I spent this week at the Composers Symposium at Pine Lake Music in Atlanta, an event where church music publishers and writers learn from each other, present songs to each other, network, and in general, laugh a lot.
If you know much about me, you know that I have never been published. There are good reasons for that and for me, that strategy has made a lot of sense up to this point. Going forward, that is almost certainly going to change but I will discuss that sometime in the future when the time comes.
Even though I have not worked with publishers in the past, I have never been against publishers. There are bitter writers that think that publishers are taking advantage of them and getting wealthy off their work, but that is nonsense. Publishers probably end up making about about as much as the writer on an average piece as I will demonstrate in a minute. For their profit, they take enormous risk and work very hard.
The truth is that at the end of the day, church music publishing is an industry. It has to be because just like any of you, the people in church music publishing have to eat. No one expects pastors to work for free and no one should expect publishers to work for free either. It is a beautiful thing when the way you earn a living aligns with a meaningful passion like music but you simply cannot live on passion alone. In the end of the day, money matters.
When I look at the landscape, I want to applaud both the writers and the publishers because they are doing their best even though the money is just not there any more. They are standing in the gap for you. They are hanging in there even though from a financial perspective, it would be completely understandable if they ran far away. People in churches want good music and at this point, they are getting good music but not because there is a lot of money available to writers and publishers to produce good music. There isn’t.
If you enjoy the choir piece this Sunday, here is what I want you to know. The writers and arranger of that piece probably were paid a lot less for that music than you think. When you consider the time and effort they have into the piece, they are almost certainly being compensated very poorly. They know that going in and they do their job anyway. Don’t get me wrong–they care about money but they care about the music more. If it was all about money, they would not be writing that music.
The publishers are in the same boat. I want to give you an idea of what happens financially with a typical choir piece. I will tell you up front that these numbers are informed guesstimates. I am not sharing inside knowledge from a secret conversation with a publisher. But I know the business in general and can glean things and I doubt my numbers are too far off.
First of all, an average choir piece today probably sells around 5,000 copies total so I am going to work with that number. At a retail price of $2.25, that equates to $11,250 in revenue. Out of that revenue, the writer(s) and arrangers split a commission of 10-12% so in the very common scenario where there is a lyricist, a tune writer and an arranger on a song, they are all earning in the neighborhood of $500 each. Put that in perspective: to earn an average household income from their efforts, they would have to churn out about 100 songs a year (almost an impossibility for many reasons).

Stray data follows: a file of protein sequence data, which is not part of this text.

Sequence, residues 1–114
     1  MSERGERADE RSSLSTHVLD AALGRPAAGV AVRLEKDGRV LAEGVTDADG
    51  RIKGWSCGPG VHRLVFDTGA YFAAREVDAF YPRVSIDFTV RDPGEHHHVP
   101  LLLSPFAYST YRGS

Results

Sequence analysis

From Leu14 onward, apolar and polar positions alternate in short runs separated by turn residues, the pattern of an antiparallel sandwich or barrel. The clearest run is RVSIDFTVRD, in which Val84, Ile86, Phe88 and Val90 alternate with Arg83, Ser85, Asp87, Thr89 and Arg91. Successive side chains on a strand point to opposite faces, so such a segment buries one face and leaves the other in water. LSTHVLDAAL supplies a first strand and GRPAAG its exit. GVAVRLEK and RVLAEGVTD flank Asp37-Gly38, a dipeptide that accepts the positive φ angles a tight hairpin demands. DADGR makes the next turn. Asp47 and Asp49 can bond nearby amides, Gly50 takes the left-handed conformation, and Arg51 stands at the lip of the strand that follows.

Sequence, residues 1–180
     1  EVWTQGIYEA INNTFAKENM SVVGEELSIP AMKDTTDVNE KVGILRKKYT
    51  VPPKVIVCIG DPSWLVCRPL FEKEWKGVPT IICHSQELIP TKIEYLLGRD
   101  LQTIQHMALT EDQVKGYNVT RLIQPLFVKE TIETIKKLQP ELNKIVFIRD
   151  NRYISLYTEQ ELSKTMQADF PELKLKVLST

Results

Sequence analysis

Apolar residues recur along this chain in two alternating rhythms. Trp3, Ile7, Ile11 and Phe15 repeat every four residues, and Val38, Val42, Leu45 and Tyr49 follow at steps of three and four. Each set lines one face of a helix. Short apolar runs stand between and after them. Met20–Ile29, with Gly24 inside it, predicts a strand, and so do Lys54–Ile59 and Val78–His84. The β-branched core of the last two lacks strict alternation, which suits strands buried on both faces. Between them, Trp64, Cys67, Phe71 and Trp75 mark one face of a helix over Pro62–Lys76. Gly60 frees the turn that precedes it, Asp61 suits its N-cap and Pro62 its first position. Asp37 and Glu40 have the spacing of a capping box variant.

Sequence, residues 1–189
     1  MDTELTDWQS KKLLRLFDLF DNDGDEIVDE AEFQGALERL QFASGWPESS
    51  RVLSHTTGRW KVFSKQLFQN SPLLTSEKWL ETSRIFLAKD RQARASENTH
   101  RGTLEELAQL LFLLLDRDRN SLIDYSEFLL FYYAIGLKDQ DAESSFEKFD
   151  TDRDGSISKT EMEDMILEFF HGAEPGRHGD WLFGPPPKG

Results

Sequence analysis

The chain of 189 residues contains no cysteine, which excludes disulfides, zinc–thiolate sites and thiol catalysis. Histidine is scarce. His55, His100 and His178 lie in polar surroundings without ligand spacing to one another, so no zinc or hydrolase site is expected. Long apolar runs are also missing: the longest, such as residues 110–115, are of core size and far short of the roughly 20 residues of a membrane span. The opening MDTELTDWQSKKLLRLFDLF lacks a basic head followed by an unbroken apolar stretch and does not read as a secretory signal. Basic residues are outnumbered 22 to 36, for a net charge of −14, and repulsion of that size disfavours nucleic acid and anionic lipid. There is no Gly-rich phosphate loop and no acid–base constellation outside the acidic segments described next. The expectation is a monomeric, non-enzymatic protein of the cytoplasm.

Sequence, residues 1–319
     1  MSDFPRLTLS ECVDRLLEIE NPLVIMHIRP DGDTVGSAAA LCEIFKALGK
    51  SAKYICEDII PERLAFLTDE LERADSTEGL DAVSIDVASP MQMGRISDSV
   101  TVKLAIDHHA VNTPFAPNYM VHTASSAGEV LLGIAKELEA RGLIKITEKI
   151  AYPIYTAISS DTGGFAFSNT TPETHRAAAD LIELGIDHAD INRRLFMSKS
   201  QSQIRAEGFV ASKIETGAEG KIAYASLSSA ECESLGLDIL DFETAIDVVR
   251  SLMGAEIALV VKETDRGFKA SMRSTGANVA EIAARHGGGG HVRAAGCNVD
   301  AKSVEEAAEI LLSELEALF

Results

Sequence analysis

Now let’s see how the publisher does. Here are my estimates of expenses based on selling 5,000 copies:
Writer commissions: $1,125
Printing ($0.25/piece): $1,250
Distributorship commission (35%): $4,000
Recording demo: $500
Advertising (sample copies, travel to distributors, displays, reading sessions, catalog): $1,000
Labor (80 hours including the selection process, editing, managing workflow, engraving, cover design): $2,000
Total expenses: ~$10,000
I think I am probably estimating these costs low if anything, but if I am right, that only leaves a profit for the publisher in the range of $1,000 on a single piece and that is before other costs that really should be in there such as office overhead and administrative costs. There are other revenue opportunities that I am not including such as licensing but I would guess that that revenue is not too significant in the scheme of things. For sure, publishers are not printing money.
I do not write choir music so for much of the week, I sat back and observed and just appreciated what I saw both from the writers and publishers in the room. And I have a few thoughts for you to consider:
1) Instead of bemoaning the quality of the music in church, look for ways to be thankful for it because it is almost always coming to you at great sacrifice. The quality of much church music right now is incredibly high when you consider the financial side of producing it.
2) Do not take your church music for granted because it is endangered. Right now, good writers and publishers are holding on but don’t count on that going forward. Many publishers have gone out of business over the last decade as revenue as dropped. Many writers have decided that they just can’t afford to write music in a genre that does not provide them with the chance to earn a decent living. If the downward trend in publishing continues, quality will eventually suffer.
These are just realities. Writers do not have the enviable financial arrangements today like the classical composers of the past who had wealthy patrons that took care of them. In some ways, that would be preferable and strangely enough, we are starting to see a movement back in that direction. But at the present, the current system doesn’t work that way and it is in a very unstable situation.
In another post, I am going to talk about what happened when I presented some music at this conference. Stay tuned for that.